وابستگی متقابل بازار سهام، سرایت و بحران های مالی آمریکا: مورد بازارهای مرزی و نوظهور
|کد مقاله||سال انتشار||مقاله انگلیسی||ترجمه فارسی||تعداد کلمات|
|16328||2011||19 صفحه PDF||سفارش دهید||محاسبه نشده|
Publisher : Elsevier - Science Direct (الزویر - ساینس دایرکت)
Journal : Journal of International Financial Markets, Institutions and Money, Volume 21, Issue 5, December 2011, Pages 724–742
This paper examines transmission of shocks between the U.S. and foreign markets to delineate interdependence from contagion of the U.S. financial crisis by constructing shock models for partially overlapping and non-overlapping markets. There exists important bi-directional, yet asymmetric, interdependence and contagion in emerging markets, with important regional variations. Interdependence is driven more by U.S. shocks, while contagion is driven more by emerging market shocks. Frontier markets also exhibit interdependence and contagion to U.S. shocks. Except for Latin America, there is no contagion from U.S. to emerging markets. But there is contagion from emerging markets to the U.S.
The recent U.S. financial crisis, particularly the severity with which it gripped the markets and economies around the world, was one of the most unanticipated and tumultuous economic events in the recent history. The decline in the U.S. stock market began in late 2007, which was quickly followed by declines in both emerging and frontier markets. During the most turbulent episode of the meltdown that lasted for about 6 months from September 2008 to early March 2009, the U.S. stock market plummeted by 43%, the emerging markets by 50%, and frontier markets by 60%. Do these declines in stock markets around the world during the U.S. financial crisis provide evidence of contagion? If contagion exists during the U.S. crisis, then what is the magnitude of such contagion? How is the contagion during this crisis period different from the transmission of shocks during relatively tranquil periods? The motivation of this paper is to answer these questions by investigating the propagation of return shocks between the U.S. and emerging and frontier stock markets.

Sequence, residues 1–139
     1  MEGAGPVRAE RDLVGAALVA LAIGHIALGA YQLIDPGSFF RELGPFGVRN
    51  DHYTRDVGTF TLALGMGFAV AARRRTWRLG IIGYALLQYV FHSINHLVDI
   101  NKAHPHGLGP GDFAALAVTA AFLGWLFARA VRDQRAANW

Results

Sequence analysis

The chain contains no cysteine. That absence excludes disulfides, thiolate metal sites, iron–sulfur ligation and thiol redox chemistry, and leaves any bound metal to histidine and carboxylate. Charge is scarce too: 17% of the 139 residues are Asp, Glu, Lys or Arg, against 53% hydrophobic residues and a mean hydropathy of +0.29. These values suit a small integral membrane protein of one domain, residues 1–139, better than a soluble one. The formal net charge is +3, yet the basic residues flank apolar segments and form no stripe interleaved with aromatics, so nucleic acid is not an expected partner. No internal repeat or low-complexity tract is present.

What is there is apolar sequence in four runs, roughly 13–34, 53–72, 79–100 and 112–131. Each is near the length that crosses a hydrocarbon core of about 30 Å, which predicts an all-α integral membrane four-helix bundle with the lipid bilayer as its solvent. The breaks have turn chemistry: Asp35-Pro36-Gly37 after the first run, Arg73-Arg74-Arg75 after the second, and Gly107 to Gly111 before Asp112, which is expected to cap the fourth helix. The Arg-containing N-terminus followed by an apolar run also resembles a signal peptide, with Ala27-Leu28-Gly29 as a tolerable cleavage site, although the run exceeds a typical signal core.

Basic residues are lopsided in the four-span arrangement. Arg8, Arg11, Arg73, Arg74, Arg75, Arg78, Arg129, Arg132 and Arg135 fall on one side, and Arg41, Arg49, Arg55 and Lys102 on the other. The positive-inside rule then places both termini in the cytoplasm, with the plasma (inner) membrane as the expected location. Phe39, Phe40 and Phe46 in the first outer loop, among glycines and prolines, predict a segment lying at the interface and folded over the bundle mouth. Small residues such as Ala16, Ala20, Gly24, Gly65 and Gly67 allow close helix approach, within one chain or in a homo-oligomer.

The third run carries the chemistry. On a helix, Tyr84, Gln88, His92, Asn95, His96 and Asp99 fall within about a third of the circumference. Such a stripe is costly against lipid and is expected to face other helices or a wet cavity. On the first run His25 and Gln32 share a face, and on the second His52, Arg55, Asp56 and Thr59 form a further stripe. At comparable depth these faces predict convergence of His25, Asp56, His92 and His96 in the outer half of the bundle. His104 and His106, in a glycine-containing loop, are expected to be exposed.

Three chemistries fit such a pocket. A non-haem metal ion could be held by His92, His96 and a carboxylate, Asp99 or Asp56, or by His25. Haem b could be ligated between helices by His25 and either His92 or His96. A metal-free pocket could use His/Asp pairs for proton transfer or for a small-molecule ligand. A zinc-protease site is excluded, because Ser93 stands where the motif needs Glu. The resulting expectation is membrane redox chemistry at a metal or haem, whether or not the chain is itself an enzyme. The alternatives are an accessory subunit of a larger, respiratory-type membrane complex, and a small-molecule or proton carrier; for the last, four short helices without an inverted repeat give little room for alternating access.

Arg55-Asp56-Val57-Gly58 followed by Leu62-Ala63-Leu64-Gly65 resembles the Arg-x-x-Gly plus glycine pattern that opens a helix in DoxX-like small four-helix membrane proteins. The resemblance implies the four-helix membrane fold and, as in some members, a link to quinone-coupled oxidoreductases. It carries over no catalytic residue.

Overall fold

نتیجه گیری انگلیسی
This paper examines the transmission of shocks between the U.S. and foreign stock markets to delineate the effects of interdependence from contagion of the U.S. financial crisis using two shock models representing partially overlapping and non-overlapping emerging and frontier markets. There exits important bi-directional, yet asymmetric, interdependence and contagion between the U.S. and emerging markets, with important regional variations. The interdependence is driven more by U.S. shocks than by emerging market shocks, whereas contagion is driven more by emerging market shocks than by U.S. shocks. While Asian emerging markets do not impact the U.S. in tranquil periods, they have a strong contagious effect on the U.S. during the crisis. Except for Latin America, there is no contagion of U.S. crisis to emerging markets in other regions, whereas there is strong contagion from emerging markets in all regions to the U.S. There is evidence of interdependence and contagion, although small in magnitude, in frontier markets with respect to U.S. shocks. Frontier markets are influenced by U.S. shocks more during crisis than during normal times, and the U.S. financial crisis had a more contagious effect on frontier markets than on emerging markets. These findings enrich the existing literature on transmission of shocks in international capital markets.